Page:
We have until the end of next month for this horror show to play itself out.
Little House of Horrors
The Conservative Party once saw itself as the party of business and the “natural Party of government”. It has turned into a real monster: one that thinks “fuck business” and has given up all pretence of responsible government. The trouble is, it keeps feeding the monster and the monster keeps growing and needs more feeding. With the Tory Party in thrall to Mr Slime and the risk of his disciples becoming minority-vote MPs thanks to FPTP voting, the House of Commons could become a House of Horrors.
At the risk of repetition: “Remind you of anyone?”
Nightmare on Downing Street
Maybe we’ll awake on 23rd July and find it was all a dream…
Or maybe it will end like this: he bears a frightening resemblance to Dominic Raab, don’t you think?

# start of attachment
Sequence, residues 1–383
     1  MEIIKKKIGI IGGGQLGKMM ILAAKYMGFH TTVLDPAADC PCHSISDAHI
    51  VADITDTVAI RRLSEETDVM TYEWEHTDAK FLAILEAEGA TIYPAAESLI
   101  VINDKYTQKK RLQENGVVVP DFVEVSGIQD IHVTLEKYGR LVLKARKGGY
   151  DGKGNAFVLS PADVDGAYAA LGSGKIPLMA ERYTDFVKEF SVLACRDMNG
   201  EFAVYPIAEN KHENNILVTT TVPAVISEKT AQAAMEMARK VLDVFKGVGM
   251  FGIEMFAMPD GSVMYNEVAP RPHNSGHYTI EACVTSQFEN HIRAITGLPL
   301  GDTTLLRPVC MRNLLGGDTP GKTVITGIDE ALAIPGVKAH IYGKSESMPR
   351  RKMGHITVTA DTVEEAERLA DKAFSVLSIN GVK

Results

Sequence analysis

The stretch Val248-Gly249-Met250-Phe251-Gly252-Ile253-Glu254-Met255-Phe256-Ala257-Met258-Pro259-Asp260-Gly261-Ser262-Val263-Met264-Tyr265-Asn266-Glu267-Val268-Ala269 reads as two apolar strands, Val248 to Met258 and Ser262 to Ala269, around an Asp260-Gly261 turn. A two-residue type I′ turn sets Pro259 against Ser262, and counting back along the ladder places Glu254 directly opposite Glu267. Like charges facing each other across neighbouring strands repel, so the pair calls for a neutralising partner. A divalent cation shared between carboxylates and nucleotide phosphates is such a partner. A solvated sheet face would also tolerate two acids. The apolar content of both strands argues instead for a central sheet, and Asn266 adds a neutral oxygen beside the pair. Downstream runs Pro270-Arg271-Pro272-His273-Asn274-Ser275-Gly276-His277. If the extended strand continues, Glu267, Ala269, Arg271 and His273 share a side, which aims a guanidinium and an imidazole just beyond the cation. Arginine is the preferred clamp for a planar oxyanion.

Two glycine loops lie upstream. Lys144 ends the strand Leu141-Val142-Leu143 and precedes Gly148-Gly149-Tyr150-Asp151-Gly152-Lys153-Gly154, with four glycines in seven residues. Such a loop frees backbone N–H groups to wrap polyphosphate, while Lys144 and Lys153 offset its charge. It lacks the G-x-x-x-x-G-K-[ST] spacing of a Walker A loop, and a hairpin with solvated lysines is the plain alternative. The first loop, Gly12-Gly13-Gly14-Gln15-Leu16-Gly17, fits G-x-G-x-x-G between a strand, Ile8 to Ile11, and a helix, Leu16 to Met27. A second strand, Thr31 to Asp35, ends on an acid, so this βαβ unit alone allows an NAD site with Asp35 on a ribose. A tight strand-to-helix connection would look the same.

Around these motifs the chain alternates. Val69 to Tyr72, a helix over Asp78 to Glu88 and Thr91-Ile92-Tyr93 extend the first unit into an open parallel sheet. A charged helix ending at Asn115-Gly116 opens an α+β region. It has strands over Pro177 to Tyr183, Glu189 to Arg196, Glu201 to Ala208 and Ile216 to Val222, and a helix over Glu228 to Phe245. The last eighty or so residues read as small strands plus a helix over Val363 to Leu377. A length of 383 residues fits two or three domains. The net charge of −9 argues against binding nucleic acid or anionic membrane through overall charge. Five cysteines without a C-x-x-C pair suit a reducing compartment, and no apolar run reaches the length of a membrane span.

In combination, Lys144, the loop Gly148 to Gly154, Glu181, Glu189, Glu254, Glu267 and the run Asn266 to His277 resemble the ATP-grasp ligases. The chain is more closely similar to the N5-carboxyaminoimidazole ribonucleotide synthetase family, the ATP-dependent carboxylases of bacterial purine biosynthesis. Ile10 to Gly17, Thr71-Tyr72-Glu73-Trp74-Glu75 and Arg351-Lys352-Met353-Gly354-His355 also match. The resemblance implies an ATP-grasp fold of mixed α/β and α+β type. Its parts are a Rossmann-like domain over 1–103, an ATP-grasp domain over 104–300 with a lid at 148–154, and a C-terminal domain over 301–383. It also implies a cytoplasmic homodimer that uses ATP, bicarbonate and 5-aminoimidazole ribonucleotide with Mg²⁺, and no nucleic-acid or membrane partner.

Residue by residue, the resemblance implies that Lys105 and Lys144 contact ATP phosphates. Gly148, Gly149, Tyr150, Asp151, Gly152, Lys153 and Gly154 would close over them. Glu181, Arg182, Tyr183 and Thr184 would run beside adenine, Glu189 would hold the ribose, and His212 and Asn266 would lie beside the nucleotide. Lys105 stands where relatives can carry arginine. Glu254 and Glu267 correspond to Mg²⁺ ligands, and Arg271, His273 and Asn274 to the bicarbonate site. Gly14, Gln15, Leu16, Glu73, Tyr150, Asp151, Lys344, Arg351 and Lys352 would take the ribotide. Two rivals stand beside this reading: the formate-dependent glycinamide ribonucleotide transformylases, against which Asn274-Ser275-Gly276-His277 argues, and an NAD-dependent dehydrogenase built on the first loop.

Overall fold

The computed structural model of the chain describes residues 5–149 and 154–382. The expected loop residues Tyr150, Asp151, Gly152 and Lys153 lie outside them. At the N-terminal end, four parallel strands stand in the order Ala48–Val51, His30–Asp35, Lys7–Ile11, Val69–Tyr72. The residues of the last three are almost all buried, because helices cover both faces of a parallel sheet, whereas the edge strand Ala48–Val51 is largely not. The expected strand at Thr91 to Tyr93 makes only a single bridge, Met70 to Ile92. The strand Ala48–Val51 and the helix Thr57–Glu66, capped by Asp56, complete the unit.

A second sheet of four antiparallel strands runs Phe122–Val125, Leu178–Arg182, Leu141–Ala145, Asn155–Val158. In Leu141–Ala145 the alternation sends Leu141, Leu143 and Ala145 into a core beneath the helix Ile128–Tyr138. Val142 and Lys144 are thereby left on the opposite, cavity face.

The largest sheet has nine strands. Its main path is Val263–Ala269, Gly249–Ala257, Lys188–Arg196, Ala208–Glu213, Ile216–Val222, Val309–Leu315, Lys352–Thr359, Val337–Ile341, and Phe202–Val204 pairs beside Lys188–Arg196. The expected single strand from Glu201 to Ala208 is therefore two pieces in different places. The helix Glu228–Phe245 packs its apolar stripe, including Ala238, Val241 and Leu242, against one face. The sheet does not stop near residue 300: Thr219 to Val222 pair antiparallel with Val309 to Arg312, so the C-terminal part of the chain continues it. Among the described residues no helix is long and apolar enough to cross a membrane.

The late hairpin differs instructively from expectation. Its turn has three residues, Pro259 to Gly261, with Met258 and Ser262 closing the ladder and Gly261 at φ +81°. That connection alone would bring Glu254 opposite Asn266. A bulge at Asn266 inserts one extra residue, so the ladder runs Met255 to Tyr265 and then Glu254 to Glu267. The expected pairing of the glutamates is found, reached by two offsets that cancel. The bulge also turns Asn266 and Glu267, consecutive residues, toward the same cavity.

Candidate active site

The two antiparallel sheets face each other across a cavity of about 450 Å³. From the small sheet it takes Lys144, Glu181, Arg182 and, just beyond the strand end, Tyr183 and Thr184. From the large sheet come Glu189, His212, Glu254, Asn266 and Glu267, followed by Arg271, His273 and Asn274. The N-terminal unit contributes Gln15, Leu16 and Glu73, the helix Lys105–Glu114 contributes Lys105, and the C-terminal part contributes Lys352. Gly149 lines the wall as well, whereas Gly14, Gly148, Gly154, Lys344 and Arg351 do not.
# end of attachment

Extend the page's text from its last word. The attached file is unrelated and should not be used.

Let’s play a game. I call it “Logical Conclusions”. Using logic alone, I will “prove” various assertions from a mixture of facts and assumptions. (In fact, this is something we humans do all the time and it’s more serious than just a game.) Anyway, here goes.
Using the results from the EU parliamentary elections, various predictions have been made about the voting in a hypothetical People’s Vote. The most pessimistic was a 3% lead for Remain in an article by Polly Toynbee. The most optimistic was a Remain lead of 12%. My own estimate, based upon plausible assumptions about Labour and Tory voters (Labour split Remain 60%, No deal 20%, Corbyn hypothetic deal 20%; Tory split Remain 20%, 60% no deal , 20% May’s deal) gives a lead for Remain of 8 to 10 percentage points.